To assess and quantify the proton pumping capabilities of the genetically engineered E. coli, we performed a photoactivity assay, where we inserted a micro pH electrode into the E. coli suspension and exposed it to multiple light-dark cycles. Since the absorption spectrum of xenorhodopsin covers a broad range, the use of a white light lamp is more effective than excitation with a specific wavelength (Supplementary Fig. 1). Illumination increased the pH in the extracellular space by almost one pH unit within five minutes (Fig. 1b), because protons are translocated from the extracellular solution to the cytosol. Longer illumination times resulted in saturation of the pH change (Supplementary Fig. 2). In the range from OD600 = 8 to OD600 = 40, the E. coli concentration did not significantly change the obtained pH gradients and we observed only a very minor increase in the kinetics at higher concentrations (Supplementary Fig. 3). The pH quickly returned to its initial value after the light was turned off due to the dissipation of protons. Even after three complete light-dark cycles, we observed only little decrease in the pH gradient. Compared to previous reports where proton pumps were reconstituted in lipid vesicles7,27, we could achieve faster and higher pH gradients using genetically engineered E. coli. Moreover, the use of E. coli circumvented the need for cumbersome protein purification and reconstitution to prepare proteoliposomes28, which highlights a key advantage of merging top-down and bottom-up synthetic biology.
As a next step, we aimed to encapsulate the E. coli as a pH switch in synthetic cells, which makes pH monitoring with an electrode impractical. We thus supplement the E. coli suspension with the ratiometric pH-sensitive fluorescent dye pyranine. The fluorescence properties of pyranine depend on its protonation state (Fig. 1c, Supplementary Fig. 4). After suitable calibration measurements (Supplementary Fig. 5), we could hence monitor the pH optically29. Figure 1d plots the fluorescence intensity ratio over time while the system was exposed to light-dark cycles (Supplementary Movie 1, Supplementary Fig. 6). Notably, we obtained the same results as previously with the pH electrode.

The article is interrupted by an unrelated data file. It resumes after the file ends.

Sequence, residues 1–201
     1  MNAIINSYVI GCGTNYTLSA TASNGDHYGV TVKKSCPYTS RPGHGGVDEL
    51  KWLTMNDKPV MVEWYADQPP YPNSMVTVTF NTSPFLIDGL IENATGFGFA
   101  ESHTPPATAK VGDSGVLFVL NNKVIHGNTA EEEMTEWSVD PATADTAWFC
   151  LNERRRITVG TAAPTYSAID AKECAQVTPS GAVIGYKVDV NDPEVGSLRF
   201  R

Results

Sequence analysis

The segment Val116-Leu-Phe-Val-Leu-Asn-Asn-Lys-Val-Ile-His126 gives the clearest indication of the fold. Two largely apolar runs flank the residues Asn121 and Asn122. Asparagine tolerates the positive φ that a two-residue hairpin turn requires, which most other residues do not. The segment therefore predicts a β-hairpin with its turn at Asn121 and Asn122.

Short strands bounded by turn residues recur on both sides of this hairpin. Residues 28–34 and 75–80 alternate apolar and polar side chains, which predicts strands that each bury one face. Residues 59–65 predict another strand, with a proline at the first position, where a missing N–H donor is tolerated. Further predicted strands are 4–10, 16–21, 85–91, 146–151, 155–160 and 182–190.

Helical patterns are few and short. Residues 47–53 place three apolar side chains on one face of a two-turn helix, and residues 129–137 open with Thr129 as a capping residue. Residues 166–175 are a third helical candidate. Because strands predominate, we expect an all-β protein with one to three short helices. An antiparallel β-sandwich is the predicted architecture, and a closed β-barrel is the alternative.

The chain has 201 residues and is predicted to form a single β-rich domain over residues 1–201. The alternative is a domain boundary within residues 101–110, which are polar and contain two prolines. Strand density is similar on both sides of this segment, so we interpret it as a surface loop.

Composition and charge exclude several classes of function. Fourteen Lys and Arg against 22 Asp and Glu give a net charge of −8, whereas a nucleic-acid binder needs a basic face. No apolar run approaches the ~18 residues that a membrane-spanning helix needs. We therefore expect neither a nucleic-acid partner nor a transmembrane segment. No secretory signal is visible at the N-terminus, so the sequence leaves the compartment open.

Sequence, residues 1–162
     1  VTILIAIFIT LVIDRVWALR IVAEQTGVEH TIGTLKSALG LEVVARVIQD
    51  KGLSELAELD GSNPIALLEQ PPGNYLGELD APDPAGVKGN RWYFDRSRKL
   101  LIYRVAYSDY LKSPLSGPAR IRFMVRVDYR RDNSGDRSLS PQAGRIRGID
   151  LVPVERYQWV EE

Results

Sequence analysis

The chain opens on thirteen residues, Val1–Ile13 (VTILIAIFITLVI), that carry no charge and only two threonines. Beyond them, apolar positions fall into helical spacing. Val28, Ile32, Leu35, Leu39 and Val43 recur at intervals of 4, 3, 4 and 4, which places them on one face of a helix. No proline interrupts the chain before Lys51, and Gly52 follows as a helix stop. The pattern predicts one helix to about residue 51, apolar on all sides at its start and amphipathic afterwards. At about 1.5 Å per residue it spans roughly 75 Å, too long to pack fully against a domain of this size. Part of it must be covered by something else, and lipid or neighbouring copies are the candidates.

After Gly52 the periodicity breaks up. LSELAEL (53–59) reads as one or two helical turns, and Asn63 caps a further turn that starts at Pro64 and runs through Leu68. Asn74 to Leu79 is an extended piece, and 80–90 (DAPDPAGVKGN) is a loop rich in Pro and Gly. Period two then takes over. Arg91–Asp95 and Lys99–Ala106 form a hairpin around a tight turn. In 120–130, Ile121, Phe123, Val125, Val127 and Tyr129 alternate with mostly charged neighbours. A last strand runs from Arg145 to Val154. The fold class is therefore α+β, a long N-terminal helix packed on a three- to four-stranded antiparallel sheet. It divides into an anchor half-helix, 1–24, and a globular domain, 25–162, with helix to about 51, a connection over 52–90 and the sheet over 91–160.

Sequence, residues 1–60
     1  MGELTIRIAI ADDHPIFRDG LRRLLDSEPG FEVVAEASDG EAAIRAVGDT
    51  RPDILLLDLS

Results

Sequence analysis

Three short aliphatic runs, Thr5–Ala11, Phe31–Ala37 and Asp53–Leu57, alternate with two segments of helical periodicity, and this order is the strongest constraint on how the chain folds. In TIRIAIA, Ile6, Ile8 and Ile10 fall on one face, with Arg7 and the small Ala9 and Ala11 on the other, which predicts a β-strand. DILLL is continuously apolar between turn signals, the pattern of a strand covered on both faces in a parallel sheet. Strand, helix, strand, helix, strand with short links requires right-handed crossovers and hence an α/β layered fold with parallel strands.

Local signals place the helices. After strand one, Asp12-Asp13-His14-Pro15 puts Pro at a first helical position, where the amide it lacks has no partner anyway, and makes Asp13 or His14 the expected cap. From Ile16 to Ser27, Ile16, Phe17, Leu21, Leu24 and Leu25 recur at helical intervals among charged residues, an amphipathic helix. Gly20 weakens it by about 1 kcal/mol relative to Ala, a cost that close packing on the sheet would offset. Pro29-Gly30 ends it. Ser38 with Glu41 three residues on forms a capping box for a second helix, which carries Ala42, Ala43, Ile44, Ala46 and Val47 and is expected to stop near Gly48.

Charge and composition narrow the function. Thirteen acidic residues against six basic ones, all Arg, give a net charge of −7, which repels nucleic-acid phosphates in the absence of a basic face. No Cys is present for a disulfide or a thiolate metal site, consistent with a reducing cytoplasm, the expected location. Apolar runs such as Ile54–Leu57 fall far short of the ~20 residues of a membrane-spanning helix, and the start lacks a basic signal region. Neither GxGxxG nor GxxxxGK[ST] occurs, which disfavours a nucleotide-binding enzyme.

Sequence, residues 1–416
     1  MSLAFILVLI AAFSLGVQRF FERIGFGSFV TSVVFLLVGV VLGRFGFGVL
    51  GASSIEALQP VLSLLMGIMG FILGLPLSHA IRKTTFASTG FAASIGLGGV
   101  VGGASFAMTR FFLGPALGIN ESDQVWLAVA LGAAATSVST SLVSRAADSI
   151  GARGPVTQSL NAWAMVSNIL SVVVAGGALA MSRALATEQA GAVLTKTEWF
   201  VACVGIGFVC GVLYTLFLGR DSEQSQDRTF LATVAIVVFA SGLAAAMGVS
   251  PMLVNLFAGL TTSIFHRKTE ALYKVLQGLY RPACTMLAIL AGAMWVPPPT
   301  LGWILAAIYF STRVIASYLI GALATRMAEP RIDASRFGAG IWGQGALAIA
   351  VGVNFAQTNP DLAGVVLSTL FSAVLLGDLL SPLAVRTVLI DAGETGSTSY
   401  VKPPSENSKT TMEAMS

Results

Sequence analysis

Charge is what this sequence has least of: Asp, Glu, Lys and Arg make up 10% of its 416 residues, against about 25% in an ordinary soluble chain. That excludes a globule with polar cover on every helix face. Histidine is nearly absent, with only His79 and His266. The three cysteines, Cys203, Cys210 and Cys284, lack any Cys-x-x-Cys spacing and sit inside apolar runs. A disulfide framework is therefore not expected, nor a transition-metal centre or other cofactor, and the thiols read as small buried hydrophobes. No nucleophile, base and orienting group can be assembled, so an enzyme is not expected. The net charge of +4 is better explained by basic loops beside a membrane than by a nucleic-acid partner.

Light-harvesting E. coli as internal pH actuators
Having demonstrated light-activated pH switching in bulk, we wanted to integrate the engineered E. coli as artificial mitochondria mimics in synthetic cell-sized confinements. Using a microfluidic droplet formation device (Fig. 2a), E. coli and pyranine were encapsulated in surfactant-stabilized water-in-oil droplets (Fig. 2b; Supplementary Fig. 7). We obtained E. coli-containing compartments with a radius of 27 ± 5 μm (mean ± s.d., n = 53, Fig. 2c). Pyranine served as a fluorescent pH indicator inside the compartments (Fig. 2d; Supplementary Fig. 8). We exposed the system to three consecutive light-dark cycles. Illumination with white light triggered a pH increase inside the cell-sized compartments due to the light-driven proton transport by the E. coli, resulting in an optical response of the compartments themselves (Fig. 2e; Supplementary Movie 2). Taken together, we demonstrated that the genetically engineered E. coli can provide light-activated proton gradients in cell-sized compartments.
pH-sensitive attachment of DNA to the compartment periphery
Proton gradients in synthetic systems are especially exciting if they can be utilized to control and energize downstream processes. Instead of relying on purified proteins, an increasingly popular approach is to construct such pH-dependent machineries de novo from molecular building blocks. DNA nanotechnology, in particular, has been employed to build a variety of functional components for synthetic cells17,30,31, including membrane-sculpting32,33,34,35 and pH-responsive components such as filaments36 or rotors37,38. However, pH-responsive actuation is challenging after encapsulation into a compartment. With the E. coli, we can circumvent this by converting light into a proton gradient.